Date: Tue, 2 Dec 2003 16:55:43 -0500 (EST)
Subject: AASWOMEN for November 28, 2003

AAS Committee on the Status of Women
Weekly issue of November 28, 2003
eds. Patricia Knezek & Michael Rupen

This week's issues:
1. More on historically interesting female astronomers
2. CSWA lunch session at AAS: January 8, 2004
3. Children and Careers: *DECEMBER 5*
4. The Value of Networking
5. Class Action Settlement at LLNL
6. Other View Points on LLNL Settlement
7. Carolina Postdoctoral Program for Faculty Diversity, UNC-Chapel Hill

1. More on historically interesting female astronomers

[There have been a number of replies to last week's request for information
on historically interesting female astronomers. -- Eds.]

From: Amy Simon-Miller

[T]he CSWA maintains lists of links to other sites, several of which
include lists of female astronomers (both historical and current):

From: Caroline Simpson

Regarding female astronomers -- the best info I found was the ASP slide
set. Most of it is available online, thanks to Geoff Marcy. I don't
have the link available right now; maybe emailing him would be best if
you don't have access to the slide set itself. I'll have access to my
list of websites next week. There are many, many out there, of varying
quality. The best ones seemed to have information taken from the slide

I do a powerpoint on historical women in astronomy; here are some of
the names: En'heduanna, Aganice, Hypatia, Sonia Brahe (she was very
involved in some of Tycho's work), Caroline Herschel, Mary Somerville,
Maria Mitchell, the women at the Naval Observatory in the early 20th
century, Willamina Fleming (she was Pickering's housekeeper originally!),
and Cecilia Payne Gaposhkin.

Caroline Simpson

From: Ellen Bouton

One of my projects as Archivist at National Radio Astronomy Observatory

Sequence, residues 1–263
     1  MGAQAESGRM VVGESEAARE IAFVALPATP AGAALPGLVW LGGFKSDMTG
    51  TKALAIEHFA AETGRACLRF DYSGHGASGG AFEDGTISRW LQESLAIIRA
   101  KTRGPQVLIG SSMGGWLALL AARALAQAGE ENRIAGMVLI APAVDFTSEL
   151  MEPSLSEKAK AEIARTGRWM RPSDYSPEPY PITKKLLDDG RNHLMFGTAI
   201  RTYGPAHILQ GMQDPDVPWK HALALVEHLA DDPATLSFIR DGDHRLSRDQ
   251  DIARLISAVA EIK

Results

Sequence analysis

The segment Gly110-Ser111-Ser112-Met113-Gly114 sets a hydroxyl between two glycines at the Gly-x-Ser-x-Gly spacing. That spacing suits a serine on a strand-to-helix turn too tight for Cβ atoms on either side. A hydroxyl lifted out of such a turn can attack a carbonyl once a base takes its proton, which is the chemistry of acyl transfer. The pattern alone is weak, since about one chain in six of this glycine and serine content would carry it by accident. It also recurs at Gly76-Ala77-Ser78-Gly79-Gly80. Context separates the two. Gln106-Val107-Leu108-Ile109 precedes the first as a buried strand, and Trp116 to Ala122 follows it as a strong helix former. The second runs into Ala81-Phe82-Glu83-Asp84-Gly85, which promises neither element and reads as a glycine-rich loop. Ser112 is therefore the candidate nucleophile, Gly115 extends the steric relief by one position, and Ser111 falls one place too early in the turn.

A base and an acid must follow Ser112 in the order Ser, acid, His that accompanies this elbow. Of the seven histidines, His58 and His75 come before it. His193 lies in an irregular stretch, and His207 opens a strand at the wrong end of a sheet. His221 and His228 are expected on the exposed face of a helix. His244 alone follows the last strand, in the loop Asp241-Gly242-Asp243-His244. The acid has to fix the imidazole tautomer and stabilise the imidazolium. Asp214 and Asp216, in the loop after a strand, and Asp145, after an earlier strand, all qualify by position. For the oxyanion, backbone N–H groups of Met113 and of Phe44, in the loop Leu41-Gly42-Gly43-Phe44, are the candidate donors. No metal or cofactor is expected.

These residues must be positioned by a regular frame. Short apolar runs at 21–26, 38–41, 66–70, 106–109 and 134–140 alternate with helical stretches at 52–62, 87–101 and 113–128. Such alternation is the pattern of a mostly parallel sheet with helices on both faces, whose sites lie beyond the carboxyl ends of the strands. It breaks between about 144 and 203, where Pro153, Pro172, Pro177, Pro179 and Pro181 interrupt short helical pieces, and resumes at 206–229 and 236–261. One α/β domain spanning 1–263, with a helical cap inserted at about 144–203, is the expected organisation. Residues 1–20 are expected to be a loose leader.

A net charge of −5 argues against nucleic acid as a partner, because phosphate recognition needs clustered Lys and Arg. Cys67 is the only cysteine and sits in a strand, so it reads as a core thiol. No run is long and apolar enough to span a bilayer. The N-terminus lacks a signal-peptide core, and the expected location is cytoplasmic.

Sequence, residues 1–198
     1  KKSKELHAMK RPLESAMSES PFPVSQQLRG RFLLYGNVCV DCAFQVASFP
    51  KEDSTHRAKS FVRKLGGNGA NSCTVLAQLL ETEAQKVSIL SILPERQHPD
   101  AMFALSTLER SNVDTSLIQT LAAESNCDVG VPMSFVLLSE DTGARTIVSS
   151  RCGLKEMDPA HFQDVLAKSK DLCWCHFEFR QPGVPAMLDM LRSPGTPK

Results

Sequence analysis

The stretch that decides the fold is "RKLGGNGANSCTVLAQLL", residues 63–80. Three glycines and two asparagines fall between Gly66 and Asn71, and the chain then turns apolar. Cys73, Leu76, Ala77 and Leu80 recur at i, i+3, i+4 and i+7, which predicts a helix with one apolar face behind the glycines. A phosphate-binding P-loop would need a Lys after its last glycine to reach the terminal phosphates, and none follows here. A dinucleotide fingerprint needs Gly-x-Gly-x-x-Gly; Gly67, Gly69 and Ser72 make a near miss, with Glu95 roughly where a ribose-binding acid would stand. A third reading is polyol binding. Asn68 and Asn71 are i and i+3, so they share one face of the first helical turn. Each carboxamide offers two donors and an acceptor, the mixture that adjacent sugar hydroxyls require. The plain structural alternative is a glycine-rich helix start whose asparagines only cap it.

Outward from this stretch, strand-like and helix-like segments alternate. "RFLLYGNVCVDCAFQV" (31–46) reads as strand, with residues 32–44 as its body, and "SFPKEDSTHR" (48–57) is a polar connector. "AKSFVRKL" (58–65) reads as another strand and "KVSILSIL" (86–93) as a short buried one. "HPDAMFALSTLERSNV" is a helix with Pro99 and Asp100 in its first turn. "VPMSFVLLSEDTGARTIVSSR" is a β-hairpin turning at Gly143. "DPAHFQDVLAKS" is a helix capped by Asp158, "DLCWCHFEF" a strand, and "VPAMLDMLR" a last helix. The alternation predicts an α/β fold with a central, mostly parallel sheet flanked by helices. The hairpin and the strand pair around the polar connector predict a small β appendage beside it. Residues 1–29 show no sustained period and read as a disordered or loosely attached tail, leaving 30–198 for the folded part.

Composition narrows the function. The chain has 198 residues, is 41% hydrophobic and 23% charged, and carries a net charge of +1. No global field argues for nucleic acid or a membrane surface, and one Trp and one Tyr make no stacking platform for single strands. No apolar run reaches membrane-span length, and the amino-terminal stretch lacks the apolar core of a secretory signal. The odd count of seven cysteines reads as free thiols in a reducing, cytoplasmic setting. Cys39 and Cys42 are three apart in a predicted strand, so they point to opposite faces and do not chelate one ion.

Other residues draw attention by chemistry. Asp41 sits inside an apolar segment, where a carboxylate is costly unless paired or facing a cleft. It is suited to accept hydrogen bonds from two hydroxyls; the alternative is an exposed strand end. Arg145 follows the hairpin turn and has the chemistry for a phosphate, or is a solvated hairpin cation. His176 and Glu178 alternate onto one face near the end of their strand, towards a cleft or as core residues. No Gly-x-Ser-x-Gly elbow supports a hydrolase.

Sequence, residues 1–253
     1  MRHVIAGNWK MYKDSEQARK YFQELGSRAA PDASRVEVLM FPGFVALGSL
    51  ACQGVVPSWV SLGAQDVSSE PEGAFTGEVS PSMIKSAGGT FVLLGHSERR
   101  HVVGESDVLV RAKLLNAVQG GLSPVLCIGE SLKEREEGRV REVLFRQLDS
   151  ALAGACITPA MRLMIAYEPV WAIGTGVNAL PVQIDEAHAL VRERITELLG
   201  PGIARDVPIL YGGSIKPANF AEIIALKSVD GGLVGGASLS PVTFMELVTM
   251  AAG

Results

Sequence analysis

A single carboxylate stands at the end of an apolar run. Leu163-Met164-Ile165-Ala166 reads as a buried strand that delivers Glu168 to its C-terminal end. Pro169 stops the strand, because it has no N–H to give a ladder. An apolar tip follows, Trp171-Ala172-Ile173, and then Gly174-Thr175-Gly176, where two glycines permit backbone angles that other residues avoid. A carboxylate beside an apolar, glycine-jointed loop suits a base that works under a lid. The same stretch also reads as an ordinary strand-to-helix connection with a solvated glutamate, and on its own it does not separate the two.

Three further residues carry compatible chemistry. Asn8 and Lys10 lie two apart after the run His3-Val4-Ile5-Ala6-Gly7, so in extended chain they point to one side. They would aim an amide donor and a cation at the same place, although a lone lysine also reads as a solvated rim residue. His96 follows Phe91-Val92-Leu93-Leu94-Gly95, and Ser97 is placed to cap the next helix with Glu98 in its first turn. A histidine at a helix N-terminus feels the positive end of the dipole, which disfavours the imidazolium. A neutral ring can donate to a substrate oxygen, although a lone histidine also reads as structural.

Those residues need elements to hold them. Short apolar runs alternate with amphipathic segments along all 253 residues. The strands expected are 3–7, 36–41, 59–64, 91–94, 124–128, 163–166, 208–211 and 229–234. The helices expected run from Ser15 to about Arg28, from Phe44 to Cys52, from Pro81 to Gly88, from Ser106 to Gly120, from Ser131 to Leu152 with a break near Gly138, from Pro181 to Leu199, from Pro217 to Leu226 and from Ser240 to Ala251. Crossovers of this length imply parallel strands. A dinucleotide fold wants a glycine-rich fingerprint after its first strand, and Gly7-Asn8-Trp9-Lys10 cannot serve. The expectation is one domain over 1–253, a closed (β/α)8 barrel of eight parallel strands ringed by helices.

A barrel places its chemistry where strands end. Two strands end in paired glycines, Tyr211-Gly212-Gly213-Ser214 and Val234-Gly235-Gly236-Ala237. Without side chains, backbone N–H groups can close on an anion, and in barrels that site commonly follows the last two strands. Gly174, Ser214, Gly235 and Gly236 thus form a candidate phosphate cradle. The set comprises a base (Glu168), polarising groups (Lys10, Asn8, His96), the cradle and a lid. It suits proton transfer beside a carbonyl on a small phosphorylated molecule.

is a Web presentation of what Nan Dieter Conklin calls her "Chronicle",
an essay about her life as the first US woman in radio astronomy.
( Although I have
not quite finished my work on the page (I'm still tracking down and
adding outbound links and illustrations), I wanted to pass on the link
to you. We expect to include a formal public announcement of the page
in the January NRAO Newsletter (



From: Meg Urry>

Geoff's web site is
and is very useful.

See also , which is Sethanne
Howard's web site (I believe).


2. CSWA lunch session at AAS: January 8, 2004
From: Patricia Knezek

The Committee on the Status of Women in Astronomy (CSWA) will host a
lunch session at the AAS meeting in Atlanta, on Thursday, January 8, from
1:00 to 2:00pm, in the Regency V room. The focus will be a panel discussion
addressing the outcome of the Women in Astronomy II. There will be a brief
introduction reviewing the main issues and potential solutions that came
out of the meeting. Institutions that are working on these issues are
invited to describe their process and progress. This will be followed by
time for open discussion and questions. The CSWA will provide additional
information as the date for the AAS approaches.

Please contact Patricia Knezek,, if you
are interested in sharing your institution's progress.

3. Children and Careers: *DECEMBER 5*
> From WIPHYS of December 1, 2003

Join a live, online discussion with Mary Ann Mason, dean of the
graduate division at the University of California at Berkeley and
director of a new study that concluded that having children wreaks
havoc on the careers of academic women, on Friday, December 5,
at 1 p.m., U.S. Eastern time. See the Chronicle of Higher
Education under Discussion Forums (may
require a subscription). A related article by Robin Wilson can be
read at , "How
Babies Alter Careers for Academics".

4. The Value of Networking
> From WIPHYS of November 25, 2003

I am working on a chapter of a book designed to give women in
academia practical career advice. Specifically, I am writing about